Imagine watching a film that combines various story elements such as a political thriller, a sci-fi adventure or even a British sitcom? That is exactly what you get from Cloud Atlas, the Wachowski sibling’s bold and daring fantasy epic which continues their trend of visually-driven films that they previously achieved with The Matrix trilogy (1999-2003) and Speed Racer (2008). While it failed to land any nominations at the recent Oscars, it has quietly gained momentum as an artistic masterpiece that explores the way that souls are connected throughout its several segments. An appealing cast that includes Tom Hanks, Halle Berry, Jim Broadbent and Hugh Grant adds extra spice to this voyage of a film….
SYNOPSIS: Split into six different plot-lines, the film focuses on how the actions of individuals affect one another in the past, present and future. In 1849, writer Adam Ewing (Jim Sturgess) tries to protect a black slave who has secretly boarded his ship that is sailing around America. In 1930s England, homosexual music writer Robert Frobisher (Ben Whishaw) agrees to work with veteran composer Vyvyan Ayrs (Jim Broadbent) as he creates the Cloud Atlas theme. In 1970s America, journalist Luisa Reys (Halle Berry) tries to expose corruption at a nuclear plantation only to be pursued by hitman Bill Smoke (Hugo Weaving). In modern day England, publisher Timothy Cavendish (Broadbent) tries to sort out a massive debt only to be confined to an old people’s home by his wealthy brother. In 2144 Seoul, fabricant clone Sonmi-451 (Doona Bae) is rescued from her built-in environment by revolution fighter Hae-Joo Chang (Sturgess). Finally in the faraway future, tribesman Zachary (Tom Hanks) reluctantly helps a modified human named Meronym (Berry) as she tries to track down an ancient building.
Audacious is one way to describe Cloud Atlas as the Wachowskis carefully work hard to make this ‘unfilmable’ production a reality by adapting it from David Mitchell’s best-selling novel. It demands a lot of attention from its curious audiences as they spend the next three hours intrigued and fascinated by this lavish epic and while the storylines are all completely different, the directing trio (including Tom Tykwer) manage to combine and intertwine the plots together rather than playing off each story as an individual one. Fortunately the mood of each part changes throughout as it goes from dark and thrilling to subtle and at times hilarity (especially when it comes to the Cavendish scenes). A sense of ‘freedom’ also connects the segments and becomes a running theme as we begin to realise that these stories do have something in common e.g. Sonmi’s legacy being worshipped by the tribe. But what also makes this film remarkable is the way it merges together a talented group of actors and has them taking on several roles that mostly rely on tons of costumes and prosthetics. It also pulls off the visual effects scenes spectacularly well with the stunning futuristic Seoul sequences baring resemblance to the sci-fi world of Blade Runner (1982). On occasions, the makeup is completely inspired as we barely recognise some of the big names like Halle Berry as the white relative of Vyvyan in the 1930s or Hugh Grant as a sadistic warrior in the final story. While the film stands out as a rich and artistic triumph, the exceptional cast manage to contribute effectively in their multiple roles. Tom Hanks has a lot of fun as his different characters range from a corrupted doctor and a volatile Irishman to a heroic tribesman. Fellow Oscar-winner Berry reclaims some acting versatility from her Monsters Ball days courtesy of her different portrayals including the determined journalist from the 70s segment. Young British actors Jim Sturgess and Ben Whishaw continue to impress with their story arcs while Hugh Grant goes-against-type to play some creepy and sadistic villains who make us detest them whatever story they are in. However the two best performances come from British character actor Jim Broadbent and Asian actress Doona Bae. The former brings humour and weariness to his character Cavendish who is initially portrayed as a buffoon but manages to make us root for him as he finds himself in the awkward setting of an old people’s home. Bae on the other hand is immaculate as the fabricant who begins to realise what her life has become and ultimately makes the gradual decision to try and inspire a revolution.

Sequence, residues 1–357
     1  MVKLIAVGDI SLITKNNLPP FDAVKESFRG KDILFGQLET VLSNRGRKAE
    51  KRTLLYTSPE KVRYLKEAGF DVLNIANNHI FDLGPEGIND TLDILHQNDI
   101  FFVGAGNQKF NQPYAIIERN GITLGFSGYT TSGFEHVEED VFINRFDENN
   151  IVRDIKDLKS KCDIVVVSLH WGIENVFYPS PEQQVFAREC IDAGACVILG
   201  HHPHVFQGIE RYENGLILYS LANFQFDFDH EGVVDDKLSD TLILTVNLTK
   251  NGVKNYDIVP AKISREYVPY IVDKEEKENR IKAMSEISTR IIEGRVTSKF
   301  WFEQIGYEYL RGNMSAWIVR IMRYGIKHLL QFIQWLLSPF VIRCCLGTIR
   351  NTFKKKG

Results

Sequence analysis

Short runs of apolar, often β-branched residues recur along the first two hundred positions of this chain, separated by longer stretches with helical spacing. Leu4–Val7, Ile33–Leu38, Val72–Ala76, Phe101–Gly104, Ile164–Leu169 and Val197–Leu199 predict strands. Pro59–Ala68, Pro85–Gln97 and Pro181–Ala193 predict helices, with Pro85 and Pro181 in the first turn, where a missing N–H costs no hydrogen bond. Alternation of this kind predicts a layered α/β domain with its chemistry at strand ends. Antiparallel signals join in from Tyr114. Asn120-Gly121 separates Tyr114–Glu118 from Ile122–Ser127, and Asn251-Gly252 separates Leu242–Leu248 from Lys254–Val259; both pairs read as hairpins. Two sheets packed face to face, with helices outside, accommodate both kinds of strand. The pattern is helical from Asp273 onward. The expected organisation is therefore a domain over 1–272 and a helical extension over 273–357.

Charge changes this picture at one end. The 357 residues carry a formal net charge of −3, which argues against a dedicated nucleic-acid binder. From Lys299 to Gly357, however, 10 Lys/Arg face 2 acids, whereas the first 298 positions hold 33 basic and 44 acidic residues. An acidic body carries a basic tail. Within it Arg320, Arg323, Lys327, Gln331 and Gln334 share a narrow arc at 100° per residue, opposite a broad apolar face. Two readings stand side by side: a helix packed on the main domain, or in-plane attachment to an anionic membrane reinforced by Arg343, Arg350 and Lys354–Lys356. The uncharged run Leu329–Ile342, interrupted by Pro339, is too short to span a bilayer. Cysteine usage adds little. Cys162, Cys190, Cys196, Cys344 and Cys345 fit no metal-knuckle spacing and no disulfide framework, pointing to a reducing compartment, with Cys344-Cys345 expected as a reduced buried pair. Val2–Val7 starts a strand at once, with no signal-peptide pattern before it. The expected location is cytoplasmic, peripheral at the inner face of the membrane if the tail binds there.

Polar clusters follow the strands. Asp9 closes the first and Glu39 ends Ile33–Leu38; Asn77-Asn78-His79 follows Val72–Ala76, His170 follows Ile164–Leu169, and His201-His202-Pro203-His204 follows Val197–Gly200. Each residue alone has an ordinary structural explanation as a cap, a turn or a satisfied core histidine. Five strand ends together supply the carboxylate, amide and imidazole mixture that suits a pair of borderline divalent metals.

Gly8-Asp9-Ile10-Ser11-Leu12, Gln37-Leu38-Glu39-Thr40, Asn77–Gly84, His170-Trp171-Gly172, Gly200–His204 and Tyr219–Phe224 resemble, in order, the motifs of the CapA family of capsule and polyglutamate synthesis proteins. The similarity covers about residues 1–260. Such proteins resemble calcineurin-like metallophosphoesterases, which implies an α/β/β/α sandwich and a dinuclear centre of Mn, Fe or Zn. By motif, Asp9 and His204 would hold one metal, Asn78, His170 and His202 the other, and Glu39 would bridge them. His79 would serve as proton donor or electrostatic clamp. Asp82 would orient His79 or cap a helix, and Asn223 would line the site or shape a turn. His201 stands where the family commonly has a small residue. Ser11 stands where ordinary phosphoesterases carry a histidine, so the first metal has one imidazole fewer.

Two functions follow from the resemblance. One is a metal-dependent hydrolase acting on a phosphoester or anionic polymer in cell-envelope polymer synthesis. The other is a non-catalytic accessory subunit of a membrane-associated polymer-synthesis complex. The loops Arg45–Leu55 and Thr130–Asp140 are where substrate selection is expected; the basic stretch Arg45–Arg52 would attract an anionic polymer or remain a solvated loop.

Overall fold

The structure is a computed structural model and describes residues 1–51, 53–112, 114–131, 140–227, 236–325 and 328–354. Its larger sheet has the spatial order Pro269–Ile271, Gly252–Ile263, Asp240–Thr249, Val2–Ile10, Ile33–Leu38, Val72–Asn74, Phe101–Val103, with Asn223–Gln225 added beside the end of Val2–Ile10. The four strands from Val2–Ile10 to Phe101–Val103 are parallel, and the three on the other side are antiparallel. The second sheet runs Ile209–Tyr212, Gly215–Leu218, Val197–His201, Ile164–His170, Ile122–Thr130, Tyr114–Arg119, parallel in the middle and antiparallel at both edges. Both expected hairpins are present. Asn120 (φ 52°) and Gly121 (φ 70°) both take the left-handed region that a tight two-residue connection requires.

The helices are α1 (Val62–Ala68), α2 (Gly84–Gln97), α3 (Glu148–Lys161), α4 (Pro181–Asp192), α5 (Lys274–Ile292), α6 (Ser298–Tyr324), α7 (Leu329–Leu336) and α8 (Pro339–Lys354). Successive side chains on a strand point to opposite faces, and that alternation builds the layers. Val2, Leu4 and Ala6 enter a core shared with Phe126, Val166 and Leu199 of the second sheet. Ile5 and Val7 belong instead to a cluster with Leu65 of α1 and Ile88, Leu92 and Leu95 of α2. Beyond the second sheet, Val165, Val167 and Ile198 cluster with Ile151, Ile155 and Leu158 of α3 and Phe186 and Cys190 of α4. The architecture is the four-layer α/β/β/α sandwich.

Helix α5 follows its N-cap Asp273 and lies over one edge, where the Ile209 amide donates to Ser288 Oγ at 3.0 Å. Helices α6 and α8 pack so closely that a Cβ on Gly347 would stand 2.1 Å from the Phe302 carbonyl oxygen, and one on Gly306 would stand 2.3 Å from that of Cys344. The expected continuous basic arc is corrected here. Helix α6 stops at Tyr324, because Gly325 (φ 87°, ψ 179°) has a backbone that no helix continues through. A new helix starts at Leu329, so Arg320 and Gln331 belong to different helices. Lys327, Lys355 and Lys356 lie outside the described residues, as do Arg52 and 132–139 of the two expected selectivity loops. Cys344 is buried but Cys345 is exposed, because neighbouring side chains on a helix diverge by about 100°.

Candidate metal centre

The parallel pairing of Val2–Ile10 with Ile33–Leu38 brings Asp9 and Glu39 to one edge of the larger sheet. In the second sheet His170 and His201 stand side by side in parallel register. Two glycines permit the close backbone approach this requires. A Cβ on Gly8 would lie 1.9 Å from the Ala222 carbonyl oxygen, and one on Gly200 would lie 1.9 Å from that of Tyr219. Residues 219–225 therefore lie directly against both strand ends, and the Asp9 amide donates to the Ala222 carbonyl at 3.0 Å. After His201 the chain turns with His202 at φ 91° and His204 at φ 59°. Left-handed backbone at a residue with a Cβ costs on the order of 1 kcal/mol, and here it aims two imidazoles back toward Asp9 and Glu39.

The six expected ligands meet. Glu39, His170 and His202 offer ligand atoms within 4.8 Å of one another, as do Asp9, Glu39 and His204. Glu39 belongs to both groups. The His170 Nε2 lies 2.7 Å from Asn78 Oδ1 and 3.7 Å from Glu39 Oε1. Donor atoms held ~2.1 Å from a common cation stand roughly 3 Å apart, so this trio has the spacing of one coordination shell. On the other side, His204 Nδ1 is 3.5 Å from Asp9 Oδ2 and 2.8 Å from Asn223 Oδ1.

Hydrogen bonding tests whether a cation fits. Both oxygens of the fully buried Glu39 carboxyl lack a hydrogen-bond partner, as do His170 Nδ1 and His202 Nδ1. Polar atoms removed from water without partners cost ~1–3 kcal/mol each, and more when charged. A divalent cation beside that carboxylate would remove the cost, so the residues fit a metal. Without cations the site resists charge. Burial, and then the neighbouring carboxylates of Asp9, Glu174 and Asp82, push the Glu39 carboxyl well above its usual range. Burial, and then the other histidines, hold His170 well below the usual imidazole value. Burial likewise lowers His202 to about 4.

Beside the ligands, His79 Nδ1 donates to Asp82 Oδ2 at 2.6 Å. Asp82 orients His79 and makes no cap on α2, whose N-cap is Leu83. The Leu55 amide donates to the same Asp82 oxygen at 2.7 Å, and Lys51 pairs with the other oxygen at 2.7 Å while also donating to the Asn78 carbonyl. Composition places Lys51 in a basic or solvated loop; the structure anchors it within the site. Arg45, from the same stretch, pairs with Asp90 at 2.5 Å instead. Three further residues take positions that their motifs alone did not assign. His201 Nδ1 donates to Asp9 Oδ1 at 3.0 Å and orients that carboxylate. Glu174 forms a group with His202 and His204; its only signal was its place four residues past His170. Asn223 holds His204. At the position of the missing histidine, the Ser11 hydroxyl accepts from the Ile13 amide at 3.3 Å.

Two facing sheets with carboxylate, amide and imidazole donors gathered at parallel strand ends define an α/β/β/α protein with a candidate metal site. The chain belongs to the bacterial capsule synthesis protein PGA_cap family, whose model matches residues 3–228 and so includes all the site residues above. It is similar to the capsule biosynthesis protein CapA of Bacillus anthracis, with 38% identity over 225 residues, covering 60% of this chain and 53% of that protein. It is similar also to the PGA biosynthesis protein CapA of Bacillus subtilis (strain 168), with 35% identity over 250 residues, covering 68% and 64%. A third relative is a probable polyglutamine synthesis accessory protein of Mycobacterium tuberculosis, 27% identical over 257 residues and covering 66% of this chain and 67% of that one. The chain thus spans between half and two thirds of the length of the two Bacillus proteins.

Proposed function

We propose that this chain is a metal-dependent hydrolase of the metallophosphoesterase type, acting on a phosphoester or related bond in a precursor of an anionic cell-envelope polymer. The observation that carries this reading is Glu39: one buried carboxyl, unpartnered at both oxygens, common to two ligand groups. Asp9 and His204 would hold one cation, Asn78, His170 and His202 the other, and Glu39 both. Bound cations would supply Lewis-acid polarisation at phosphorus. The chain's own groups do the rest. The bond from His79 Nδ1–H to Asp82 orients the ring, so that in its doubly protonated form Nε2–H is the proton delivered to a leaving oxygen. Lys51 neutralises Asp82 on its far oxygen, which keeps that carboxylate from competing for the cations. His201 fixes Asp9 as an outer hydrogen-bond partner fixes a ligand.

However the problem with a film of this magnitude is that it isn’t easy to sit through. Some audiences may find watching the non-linear narratives a struggle to work out especially as you wonder about what exactly links them all (it’s best to rely on IMDB for that!). Paying attention to that many storylines definitely requires a lot of patience and understanding even from the most intelligent film fans! While the makeup has its inspired moments, it can also be somewhat laughable and even racist at times particularly when the focus is on the Seoul segment. One can’t help but feel sorry for Asian star Doona Bae as she finds herself sharing scenes with non-Asian actors covered in prosthetics who clearly look like they have just stumbled off the set of a Charlie Chan film. But it is poor Hugo Weaving (Agent Smith from The Matrix) who finds himself looking silliest of all not just in that story but also when he is in full-drag to portray the Nurse Ratched-type carer from the Cavendish scenes and his later appearance as a creepy and unnecessary demon from the final segment.
VERDICT: The Wachowski’s latest offering is confidently acted, looks majestic to watch and has the potential to be a genre-breaking classic but is flawed by its complicated narrative and inconsistent makeup. It may take a few rewatches to appreciate this one better!